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German concerns rise over food supplement regulation rethink

By Shane Starling , 26-Oct-2012
Last updated on 26-Oct-2012 at 16:44 GMT2012-10-26T16:44:33Z

Food supplements like sea buckthorn may be required to produce new safety data
Food supplements like sea buckthorn may be required to produce new safety data

A revision of German food supplement laws will strip products from shelves and “could be a disaster” for consumers and practitioners, according a pan-European lobby group.

The Alliance for Natural Health International (ANH-I) raised a red flag this week about the implications of changes in German food supplement laws enacted in 2005, that look set to increase the kind of data required to back products.  

The ANH-I said the law changes would in essence introduce a pre-market approval system that would be biased toward bigger firms with greater research budgets.

“Initially it would apply just to new products being put on the market, but after two years, it would retrospectively act on all existing products,” said Robert Verkerk PhD, ANH-Intl executive and scientific director.

“If a manufacturer found itself unable to meet the data requirements, a product would have to be withdrawn, regardless of it having had an impeccable safety record.”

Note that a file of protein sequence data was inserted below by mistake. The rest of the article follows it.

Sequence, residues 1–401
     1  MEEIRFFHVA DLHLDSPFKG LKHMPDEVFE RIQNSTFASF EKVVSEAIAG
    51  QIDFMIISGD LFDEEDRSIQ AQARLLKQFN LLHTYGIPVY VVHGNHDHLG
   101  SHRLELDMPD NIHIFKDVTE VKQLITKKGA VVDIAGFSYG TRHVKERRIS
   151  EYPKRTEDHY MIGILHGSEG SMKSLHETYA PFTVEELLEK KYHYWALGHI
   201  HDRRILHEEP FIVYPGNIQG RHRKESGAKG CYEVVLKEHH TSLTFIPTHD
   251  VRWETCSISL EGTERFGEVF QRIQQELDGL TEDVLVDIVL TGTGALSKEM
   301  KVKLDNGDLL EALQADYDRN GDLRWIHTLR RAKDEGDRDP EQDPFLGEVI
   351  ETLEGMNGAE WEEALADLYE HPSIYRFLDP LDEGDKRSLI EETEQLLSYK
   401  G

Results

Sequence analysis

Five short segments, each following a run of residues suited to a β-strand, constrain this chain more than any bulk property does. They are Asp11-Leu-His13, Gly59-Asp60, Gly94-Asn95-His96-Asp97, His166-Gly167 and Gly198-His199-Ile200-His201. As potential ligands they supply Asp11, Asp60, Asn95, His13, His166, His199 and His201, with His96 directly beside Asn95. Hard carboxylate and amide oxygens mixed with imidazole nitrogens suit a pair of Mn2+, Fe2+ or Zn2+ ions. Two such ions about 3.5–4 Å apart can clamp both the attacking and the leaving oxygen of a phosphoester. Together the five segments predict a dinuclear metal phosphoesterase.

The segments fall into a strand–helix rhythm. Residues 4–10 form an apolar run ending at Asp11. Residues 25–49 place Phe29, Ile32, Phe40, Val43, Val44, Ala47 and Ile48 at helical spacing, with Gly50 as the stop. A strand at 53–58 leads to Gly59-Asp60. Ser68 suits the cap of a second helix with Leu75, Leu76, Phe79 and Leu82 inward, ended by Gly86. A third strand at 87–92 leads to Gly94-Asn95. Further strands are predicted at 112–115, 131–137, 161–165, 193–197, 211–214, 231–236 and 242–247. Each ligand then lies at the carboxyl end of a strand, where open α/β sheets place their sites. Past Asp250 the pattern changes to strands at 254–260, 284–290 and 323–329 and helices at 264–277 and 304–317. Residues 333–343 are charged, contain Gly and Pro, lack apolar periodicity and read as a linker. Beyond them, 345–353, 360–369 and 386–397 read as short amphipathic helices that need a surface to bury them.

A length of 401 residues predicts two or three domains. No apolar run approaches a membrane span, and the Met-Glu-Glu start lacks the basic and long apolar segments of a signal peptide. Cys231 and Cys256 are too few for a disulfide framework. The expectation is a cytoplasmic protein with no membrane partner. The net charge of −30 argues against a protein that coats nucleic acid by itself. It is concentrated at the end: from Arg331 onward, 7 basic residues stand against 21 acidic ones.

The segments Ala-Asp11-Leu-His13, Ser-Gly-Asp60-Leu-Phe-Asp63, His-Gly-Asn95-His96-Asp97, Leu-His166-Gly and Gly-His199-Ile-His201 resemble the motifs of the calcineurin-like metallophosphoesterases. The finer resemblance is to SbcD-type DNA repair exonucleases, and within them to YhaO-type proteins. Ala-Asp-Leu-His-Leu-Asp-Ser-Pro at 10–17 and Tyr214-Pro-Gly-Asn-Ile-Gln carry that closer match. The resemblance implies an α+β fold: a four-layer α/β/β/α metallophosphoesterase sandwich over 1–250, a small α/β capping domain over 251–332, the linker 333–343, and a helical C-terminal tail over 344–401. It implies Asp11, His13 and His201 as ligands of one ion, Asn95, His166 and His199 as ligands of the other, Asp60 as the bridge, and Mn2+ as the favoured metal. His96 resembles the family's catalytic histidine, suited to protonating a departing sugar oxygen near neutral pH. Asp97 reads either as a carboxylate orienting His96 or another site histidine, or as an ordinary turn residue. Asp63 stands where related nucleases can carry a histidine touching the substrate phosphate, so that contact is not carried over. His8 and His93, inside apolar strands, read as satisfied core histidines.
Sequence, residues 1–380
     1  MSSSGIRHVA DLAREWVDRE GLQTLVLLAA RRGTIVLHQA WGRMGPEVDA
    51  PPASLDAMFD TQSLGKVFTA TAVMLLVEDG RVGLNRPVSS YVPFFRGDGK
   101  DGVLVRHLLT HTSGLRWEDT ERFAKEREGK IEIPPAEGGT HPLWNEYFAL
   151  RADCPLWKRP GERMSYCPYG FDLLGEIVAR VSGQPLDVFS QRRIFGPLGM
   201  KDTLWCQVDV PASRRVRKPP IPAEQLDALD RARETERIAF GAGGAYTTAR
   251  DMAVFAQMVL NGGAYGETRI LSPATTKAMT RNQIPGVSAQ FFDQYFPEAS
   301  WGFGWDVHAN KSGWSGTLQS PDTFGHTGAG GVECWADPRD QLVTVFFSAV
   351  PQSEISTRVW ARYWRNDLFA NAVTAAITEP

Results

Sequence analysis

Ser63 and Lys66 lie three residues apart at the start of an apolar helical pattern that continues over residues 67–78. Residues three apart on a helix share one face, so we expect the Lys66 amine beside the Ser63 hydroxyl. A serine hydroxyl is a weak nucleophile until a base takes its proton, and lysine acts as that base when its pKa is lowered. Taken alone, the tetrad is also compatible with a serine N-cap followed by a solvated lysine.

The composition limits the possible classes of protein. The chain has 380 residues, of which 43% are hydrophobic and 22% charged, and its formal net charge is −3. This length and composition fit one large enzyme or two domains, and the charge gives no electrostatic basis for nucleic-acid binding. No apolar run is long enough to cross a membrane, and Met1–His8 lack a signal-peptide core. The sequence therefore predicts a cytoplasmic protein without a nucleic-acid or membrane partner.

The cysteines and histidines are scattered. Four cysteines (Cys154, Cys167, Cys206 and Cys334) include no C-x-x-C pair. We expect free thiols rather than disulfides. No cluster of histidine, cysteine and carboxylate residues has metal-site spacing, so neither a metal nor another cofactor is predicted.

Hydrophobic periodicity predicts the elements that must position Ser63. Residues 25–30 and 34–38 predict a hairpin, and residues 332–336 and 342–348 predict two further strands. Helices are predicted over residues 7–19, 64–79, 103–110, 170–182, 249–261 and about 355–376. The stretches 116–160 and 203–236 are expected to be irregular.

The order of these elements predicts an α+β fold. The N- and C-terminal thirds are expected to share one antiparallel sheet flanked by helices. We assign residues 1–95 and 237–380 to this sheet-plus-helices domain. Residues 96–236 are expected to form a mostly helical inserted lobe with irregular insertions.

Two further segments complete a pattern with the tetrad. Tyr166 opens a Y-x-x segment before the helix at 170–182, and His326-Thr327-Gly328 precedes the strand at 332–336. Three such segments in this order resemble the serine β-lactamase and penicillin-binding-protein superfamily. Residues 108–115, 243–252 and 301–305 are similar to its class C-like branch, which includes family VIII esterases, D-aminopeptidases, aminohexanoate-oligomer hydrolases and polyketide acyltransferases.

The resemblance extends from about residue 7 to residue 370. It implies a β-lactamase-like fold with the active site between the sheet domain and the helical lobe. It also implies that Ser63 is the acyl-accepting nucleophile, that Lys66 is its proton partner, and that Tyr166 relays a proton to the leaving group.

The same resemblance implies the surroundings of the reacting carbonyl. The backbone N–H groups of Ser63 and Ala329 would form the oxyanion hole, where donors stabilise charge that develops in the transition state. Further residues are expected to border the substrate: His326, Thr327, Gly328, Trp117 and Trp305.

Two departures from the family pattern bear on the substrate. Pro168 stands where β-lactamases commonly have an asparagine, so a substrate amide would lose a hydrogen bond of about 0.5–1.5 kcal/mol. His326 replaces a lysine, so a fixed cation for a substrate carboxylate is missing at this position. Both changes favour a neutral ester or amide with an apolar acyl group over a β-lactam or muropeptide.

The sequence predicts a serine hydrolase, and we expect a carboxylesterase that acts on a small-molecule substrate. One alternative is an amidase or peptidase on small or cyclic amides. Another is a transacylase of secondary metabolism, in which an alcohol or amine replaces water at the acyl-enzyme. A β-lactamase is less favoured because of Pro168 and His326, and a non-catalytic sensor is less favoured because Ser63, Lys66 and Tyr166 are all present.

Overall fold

For German consumers and practitioners (‘heilpraktiker’), this could be a disaster.”

Foods or drugs?

Dr Verkerk continued: “This shift to a pre-market authorisation system is yet another indication that European regulators, often led by the views of the Germans, are desperate to treat food supplements not like foods, but like drugs — at least when it comes to regulating them.”

In an interview published on the ANH-I website, Dr Verkerk canvassed the concerns of Markus Junge, managing director of German natural products association (Tisso Naturprodukte GmbH ).

Junge said his group and others had been lobbying hard to ensure the mooted revisions don’t make it into law.

Throughout my contacts with Members of the German Bundestag [Parliament] we heard that a lot of feedback has been received from many quarters,” he said.

“That is very positive. My last received information is that the BMELV is working on a revised ministerial draft bill.”

“These topics are only discussed among key government organisations and stakeholders — and the media have not helped in any way to make it an issue of national significance.” 

“German citizens are presently just not aware of what’s happening and that has to change soon.”

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